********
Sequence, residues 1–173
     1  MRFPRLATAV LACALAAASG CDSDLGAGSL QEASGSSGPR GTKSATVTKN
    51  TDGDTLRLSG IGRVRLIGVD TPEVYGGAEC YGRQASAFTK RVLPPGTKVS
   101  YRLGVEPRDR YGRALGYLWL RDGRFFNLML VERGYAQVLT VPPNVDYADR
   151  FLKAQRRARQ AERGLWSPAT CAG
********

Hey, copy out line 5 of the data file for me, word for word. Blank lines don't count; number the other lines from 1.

   151  FLKAQRRARQ AERGLWSPAT CAG